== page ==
How Donald Trump Represented An Age-Old Fantasy Of America: Examining The Rise Of Alternative Facts And Fake Media
In Fantasyland by Kurt Andersen, readers are taken on a quick historical tour of America’s warped sense of reality.
Through Andersen’s exploration, readers will understand why the prevalence of “alternative facts” and “fake media” has become all too commonplace in our culture.
We discover which racist group was behind the first movie to play in the White House; when exactly the word “hippie” entered our lexicon; and why needing a gun for protection is pure fantasy.
These are just some of the many examples that Andersen provides to illustrate how our willingness to take refuge in fantasy rather than facing uncomfortable realities has been around for ages.
He then considers Donald Trump as an example showing us how delusional beliefs and temper tantrums have replaced using cold hard facts for evidence.
Trump is seen as a symbol of this age-old trend and Anderson argues that his attitude isn’t anything new but instead reflective of American culture unwilling to embrace realities that challenge their worldviews.
England’S Gold-Fever Persisted For Centuries Despite A Trail Of Misery In The Americas
When news of the gold found by Spanish explorers from the Aztec and Inca empires arrived in Europe, it sparked a wave of jealousy among the English.
Their court began to dream of great boats full of gold coming into their own country.
Sir Walter Raleigh was commissioned to create a report that would convince Queen Elizabeth I that North America surely contained untold quantities of gold.
Although the report only contained hearsay and secondhand information, it was enough for Elizabeth to order multiple English expeditions for gold.
Unfortunately, these attempts were met with disaster, as large numbers died on the first expedition and everyone on the secondperished without finding anything.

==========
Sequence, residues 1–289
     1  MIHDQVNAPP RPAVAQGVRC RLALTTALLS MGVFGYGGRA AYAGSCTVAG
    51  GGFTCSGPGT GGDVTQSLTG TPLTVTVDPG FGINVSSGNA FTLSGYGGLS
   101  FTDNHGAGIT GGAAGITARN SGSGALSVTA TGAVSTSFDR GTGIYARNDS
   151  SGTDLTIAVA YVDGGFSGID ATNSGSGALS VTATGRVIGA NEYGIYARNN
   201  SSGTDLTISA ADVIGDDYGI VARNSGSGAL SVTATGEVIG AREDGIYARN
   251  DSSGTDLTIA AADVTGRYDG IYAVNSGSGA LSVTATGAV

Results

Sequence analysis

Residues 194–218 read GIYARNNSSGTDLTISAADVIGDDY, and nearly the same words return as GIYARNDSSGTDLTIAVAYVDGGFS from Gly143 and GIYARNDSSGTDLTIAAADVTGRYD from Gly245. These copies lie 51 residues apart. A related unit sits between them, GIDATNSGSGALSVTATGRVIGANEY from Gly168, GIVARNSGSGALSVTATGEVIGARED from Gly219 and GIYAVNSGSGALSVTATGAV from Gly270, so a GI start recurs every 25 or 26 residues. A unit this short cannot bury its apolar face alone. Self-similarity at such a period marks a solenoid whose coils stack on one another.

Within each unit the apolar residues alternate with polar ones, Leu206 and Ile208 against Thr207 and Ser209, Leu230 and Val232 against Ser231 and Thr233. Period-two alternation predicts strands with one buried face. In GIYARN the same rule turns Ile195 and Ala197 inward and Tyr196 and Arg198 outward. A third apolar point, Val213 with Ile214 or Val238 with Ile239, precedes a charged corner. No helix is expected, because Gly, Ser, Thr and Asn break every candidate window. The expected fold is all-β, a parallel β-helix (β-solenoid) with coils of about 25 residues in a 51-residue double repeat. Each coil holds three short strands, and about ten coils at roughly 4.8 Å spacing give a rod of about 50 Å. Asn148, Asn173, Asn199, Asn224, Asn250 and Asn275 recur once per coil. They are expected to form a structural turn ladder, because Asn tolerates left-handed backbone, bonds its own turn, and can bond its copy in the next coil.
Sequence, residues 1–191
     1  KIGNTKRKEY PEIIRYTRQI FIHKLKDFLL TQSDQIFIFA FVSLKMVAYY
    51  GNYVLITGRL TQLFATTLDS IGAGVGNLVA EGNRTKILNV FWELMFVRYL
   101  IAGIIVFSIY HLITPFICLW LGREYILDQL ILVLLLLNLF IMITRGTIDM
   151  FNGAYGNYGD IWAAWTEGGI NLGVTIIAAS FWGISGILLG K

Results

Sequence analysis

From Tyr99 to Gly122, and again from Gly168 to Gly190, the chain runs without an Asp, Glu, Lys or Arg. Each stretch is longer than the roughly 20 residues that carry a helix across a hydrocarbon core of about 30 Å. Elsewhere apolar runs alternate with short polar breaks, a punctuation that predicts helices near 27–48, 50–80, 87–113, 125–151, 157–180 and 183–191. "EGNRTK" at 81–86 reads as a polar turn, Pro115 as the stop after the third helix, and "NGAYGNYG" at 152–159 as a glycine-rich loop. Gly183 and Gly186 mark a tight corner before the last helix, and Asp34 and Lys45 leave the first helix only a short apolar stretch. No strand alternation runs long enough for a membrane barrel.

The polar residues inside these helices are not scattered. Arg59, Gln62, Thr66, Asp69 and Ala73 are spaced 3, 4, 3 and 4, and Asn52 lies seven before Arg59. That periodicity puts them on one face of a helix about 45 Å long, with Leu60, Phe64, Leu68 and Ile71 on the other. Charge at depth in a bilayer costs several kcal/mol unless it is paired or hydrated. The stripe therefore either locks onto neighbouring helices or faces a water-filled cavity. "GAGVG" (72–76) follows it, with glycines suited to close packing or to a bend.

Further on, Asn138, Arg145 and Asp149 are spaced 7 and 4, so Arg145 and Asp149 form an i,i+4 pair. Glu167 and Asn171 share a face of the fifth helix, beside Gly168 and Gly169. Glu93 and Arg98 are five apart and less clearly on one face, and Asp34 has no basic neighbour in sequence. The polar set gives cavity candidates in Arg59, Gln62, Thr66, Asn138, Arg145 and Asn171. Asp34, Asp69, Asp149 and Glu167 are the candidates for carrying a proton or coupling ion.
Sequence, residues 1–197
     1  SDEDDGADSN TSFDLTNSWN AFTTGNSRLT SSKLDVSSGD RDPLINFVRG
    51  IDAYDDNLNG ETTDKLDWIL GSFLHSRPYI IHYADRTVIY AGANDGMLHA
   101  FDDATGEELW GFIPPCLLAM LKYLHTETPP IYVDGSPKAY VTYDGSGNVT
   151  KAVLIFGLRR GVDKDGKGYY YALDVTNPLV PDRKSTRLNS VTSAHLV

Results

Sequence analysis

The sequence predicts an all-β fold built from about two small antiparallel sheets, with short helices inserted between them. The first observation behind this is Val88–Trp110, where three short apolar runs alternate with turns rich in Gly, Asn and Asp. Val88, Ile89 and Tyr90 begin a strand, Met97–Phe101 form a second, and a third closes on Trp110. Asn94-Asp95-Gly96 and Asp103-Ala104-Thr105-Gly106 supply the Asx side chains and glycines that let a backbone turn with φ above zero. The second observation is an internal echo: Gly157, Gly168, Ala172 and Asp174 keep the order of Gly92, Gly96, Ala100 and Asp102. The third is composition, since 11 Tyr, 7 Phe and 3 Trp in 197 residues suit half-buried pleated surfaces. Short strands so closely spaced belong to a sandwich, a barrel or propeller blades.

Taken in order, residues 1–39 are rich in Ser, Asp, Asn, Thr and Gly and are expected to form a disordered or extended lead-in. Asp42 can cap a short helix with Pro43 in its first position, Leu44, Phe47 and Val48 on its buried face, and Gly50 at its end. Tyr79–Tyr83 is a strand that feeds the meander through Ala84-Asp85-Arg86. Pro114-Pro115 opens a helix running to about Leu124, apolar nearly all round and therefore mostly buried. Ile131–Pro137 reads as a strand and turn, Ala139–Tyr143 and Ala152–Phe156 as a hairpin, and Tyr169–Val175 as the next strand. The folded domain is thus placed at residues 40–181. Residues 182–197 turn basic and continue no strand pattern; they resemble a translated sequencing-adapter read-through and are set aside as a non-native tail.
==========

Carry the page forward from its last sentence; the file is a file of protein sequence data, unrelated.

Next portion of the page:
The next ruler, King James, persevered and sent more colonists in an attempt to establish a base in Virginia and send back whatever riches they could find.
After many difficult times and half of them dying miserable deaths, they eventually succeeded by sending home one successful product: tobacco.
Americans’ Willingness To Indulge In Fantasy Brought Moving The Church Of Latter-Day Saints To Utah
The birth of Mormonism capitalized on the American tendency toward fantasy, particularly with its claim that Jesus Christ had visited America.
Joseph Smith’s story of the gold plates he found containing a previously unknown part of the Bible, which he then transcribed into his Book of Mormon, struck a chord with many Americans.
The message that there was a group of Israelites who had sailed to America and founded a civilization was just too appealing to ignore.
It spurred significant numbers of people to join Smith’s new religion – within its first ten years, nearly 20,000 Americans had become Mormons and by middle of the nineteenth century this number had doubled.
Mormons have proved themselves ready to believe in fantastic tales, so much so that they were able to move out west and form their own state – Utah.
No matter how imaginative or fanciful these beliefs may seem, the fact remains that it was only the lure of fantasy which allowed for Mormonism’s growth and popularity amongst its followers.
America’s History Of Suppressing African-Americans Through Fantasies And Falsehoods
As the turn of the twentieth century approached, an alarming number of white Americans began to entertain fantasies that slavery hadn’t been as harsh as it was made out to be.
A case in point was Nate Salsbury, who opened a theme park in 1895 with the express purpose of displaying nostalgic scenes from plantation life.
Hundreds of African-Americans were hired by Salsbury to act out this inherent fantasy for thousands of onlookers.
The New York Times even praised the theme park for its depiction of what it considered to be the “happy, careless” life of the Southern slave.
Concurrently, another equally disturbing fantasy emerged during this same period; namely, white supremacy.
The Ku Klux Klan (KKK) popularized its own twisted version of white supremacism with an ugly pushback against black Americans moving into what had been exclusively white neighborhoods.
It did so by means of fantastical costumes such as tall pointy hats and ghostly robes – and titles like “Imperial Wizard” and “Grand Goblin” – which managed to glean some 5 percent membership among white men by 1925.